The Journal of Experimental & Clinical Cancer Research published a study in 2009. It looked at the effect of mistletoe on patients with breast and gynecological cancers.
They analyzed 19 randomized, 16 non-randomized controlled studies, and 11 cohort studies. Treatment of mistletoe showed some positive effects on breast and gynecological cancer.
Mistletoe is still not an official cancer treatment. But one woman wants to change that.
Will Mistletoe Extracts Become An Official Cancer Treatment?
Ivelisse Page is a stage IV colon cancer survivor. She used her faith, lifestyle changes, and mistletoe treatments to heal. Ivelisse started a clinical trial on mistletoe as a cancer treatment.
She aims to make it an official cancer drug. Drug studies have to undergo four phases. They are expensive and take a long time.
Ivelisse's organization, Believe Big, wants to research mistletoe as a cancer treatment. Mistletoe therapy for cancer is popular in Germany and Switzerland. But in the U.S., they want to study every potential therapy in a series of steps called phases.
The mistletoe phase 1 clinical trial at Johns Hopkins is complete. They tested the safety of it, determined a safe dose, and identified side effects. But there are three more stages before mistletoe can be a conventional cancer treatment.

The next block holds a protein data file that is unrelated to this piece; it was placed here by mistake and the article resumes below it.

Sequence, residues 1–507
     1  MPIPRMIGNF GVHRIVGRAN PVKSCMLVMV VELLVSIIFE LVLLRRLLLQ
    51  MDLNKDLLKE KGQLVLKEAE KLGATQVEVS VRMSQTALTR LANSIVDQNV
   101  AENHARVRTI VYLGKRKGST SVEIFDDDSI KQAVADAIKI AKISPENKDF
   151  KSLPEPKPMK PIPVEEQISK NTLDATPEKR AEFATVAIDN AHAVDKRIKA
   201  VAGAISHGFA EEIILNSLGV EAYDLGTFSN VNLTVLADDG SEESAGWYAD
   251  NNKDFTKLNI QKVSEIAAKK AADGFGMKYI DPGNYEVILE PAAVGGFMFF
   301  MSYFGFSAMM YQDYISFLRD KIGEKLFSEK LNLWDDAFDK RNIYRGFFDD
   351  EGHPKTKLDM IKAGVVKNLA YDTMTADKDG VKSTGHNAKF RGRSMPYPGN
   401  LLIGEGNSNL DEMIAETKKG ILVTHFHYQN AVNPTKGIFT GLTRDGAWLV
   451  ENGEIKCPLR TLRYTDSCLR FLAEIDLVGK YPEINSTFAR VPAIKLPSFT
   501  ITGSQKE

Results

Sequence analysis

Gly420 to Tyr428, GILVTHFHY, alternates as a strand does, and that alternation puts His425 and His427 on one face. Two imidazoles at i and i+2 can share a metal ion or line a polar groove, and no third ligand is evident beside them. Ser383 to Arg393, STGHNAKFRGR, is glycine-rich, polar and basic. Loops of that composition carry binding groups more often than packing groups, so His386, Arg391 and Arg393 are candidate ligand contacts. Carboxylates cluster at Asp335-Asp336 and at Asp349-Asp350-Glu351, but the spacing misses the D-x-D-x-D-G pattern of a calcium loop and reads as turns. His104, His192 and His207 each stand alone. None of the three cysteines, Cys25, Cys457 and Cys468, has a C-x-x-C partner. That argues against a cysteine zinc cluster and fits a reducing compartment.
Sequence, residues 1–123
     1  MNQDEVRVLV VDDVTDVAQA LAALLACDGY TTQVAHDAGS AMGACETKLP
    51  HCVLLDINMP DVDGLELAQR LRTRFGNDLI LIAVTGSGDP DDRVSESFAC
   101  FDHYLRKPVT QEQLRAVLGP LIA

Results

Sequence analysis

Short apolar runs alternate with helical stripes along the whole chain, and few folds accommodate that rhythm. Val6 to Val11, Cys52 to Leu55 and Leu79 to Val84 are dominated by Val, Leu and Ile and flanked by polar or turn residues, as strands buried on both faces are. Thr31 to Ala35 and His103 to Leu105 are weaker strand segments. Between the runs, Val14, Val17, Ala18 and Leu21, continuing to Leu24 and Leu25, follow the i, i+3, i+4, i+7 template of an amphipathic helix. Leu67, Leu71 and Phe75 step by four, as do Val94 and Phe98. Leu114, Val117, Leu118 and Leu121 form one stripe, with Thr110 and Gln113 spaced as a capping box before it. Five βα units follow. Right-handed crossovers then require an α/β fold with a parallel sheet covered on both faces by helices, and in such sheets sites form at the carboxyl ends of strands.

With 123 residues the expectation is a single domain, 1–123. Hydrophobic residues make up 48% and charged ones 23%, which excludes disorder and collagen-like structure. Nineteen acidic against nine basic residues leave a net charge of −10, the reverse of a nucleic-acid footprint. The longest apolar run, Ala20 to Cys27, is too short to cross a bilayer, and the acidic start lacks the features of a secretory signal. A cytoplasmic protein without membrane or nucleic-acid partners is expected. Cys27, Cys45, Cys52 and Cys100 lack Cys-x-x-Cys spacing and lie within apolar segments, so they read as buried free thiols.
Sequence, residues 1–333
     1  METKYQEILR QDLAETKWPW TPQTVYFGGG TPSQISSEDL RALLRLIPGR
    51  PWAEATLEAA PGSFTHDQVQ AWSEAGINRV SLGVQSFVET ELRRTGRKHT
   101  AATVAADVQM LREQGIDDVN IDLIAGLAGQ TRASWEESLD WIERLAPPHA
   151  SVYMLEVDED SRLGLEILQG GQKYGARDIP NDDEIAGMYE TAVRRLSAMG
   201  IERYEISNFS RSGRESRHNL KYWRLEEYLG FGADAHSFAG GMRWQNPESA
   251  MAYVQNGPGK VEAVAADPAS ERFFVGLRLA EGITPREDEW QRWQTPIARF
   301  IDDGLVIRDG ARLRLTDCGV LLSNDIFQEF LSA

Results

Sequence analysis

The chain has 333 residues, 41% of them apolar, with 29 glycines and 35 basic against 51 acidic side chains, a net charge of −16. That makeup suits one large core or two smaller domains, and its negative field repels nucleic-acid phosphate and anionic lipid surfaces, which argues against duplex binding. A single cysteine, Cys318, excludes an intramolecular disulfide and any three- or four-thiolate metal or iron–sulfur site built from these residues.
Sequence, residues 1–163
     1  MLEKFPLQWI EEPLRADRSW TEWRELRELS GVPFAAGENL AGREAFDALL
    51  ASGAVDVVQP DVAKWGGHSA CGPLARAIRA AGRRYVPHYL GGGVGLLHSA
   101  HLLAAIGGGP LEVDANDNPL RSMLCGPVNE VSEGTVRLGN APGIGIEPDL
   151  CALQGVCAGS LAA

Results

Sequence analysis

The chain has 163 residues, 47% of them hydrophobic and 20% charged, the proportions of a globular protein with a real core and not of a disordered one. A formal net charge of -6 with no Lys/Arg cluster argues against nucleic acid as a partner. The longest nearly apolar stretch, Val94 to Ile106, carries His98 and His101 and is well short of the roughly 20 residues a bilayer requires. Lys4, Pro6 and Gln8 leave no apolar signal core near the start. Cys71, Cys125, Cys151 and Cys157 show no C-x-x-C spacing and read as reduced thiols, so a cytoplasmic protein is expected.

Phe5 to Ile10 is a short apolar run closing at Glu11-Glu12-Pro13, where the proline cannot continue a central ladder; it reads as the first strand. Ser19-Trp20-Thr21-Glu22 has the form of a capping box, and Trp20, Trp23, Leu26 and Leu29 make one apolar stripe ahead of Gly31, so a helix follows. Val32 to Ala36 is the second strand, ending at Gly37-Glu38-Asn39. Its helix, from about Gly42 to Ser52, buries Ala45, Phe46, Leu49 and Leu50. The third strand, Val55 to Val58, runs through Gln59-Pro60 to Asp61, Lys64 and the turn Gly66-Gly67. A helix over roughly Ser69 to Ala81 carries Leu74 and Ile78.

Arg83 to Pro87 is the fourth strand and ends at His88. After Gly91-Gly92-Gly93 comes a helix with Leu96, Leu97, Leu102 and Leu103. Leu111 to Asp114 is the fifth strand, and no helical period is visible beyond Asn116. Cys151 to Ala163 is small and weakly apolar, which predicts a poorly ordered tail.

Mistletoe treatments don't get the same attention as ordinary drugs. Drug companies don't want to back them because they are a threat to their profits.
You need a lot of money to create an official treatment. Phase 2 in the mistletoe study may cost 1 million dollars. To support it, you can go to Believe Big's homepage.
Most mistletoes live off a variety of hosts like a parasite.
You can find mistletoe on ornaments, timber, and crop trees.
Throughout history, many civilizations revered mistletoe.
Rudolf Steiner (1861-1925) was the first to use mistletoe extracts to treat cancer.
The most common form of mistletoe for cancer is the European one called Iscador.
There are hundreds of different studies on the effect of mistletoe on cancer.
Mistletoe leads to better survival in cancer patients.
Ivelisse Page is a stage IV colon cancer survivor who used mistletoe and lifestyle changes to heal.
She wants to make mistletoe an official cancer treatment.
How To Use Mistletoe Cancer Treatment
1. Find a practitioner that treats cancer with mistletoe
2. Live a healthy balanced life
If you have cancer, you can use mistletoe cancer treatment. You can receive mistletoe treatments in the U.S. and worldwide. The organization Believe Big lists several therapy places in the U.S. and the world.
You shouldn't use mistletoe as a miracle solution. Healing cancer has more to do with having a balanced lifestyle. If you eat a crap diet, have lots of stress, and have an unhealthy lifestyle, you can get cancer.
Mistletoe can help you deal with cancer, but you must change how you live. Use mistletoe and change your health habits to better deal with cancer.
Discover How To Prevent Cancer In This Cheat Sheet
Download the guide, How To Prevent Cancer Cheat Sheet, to learn how to avoid cancer with natural remedies.
Discover how to change your diet and other things to protect against cancer.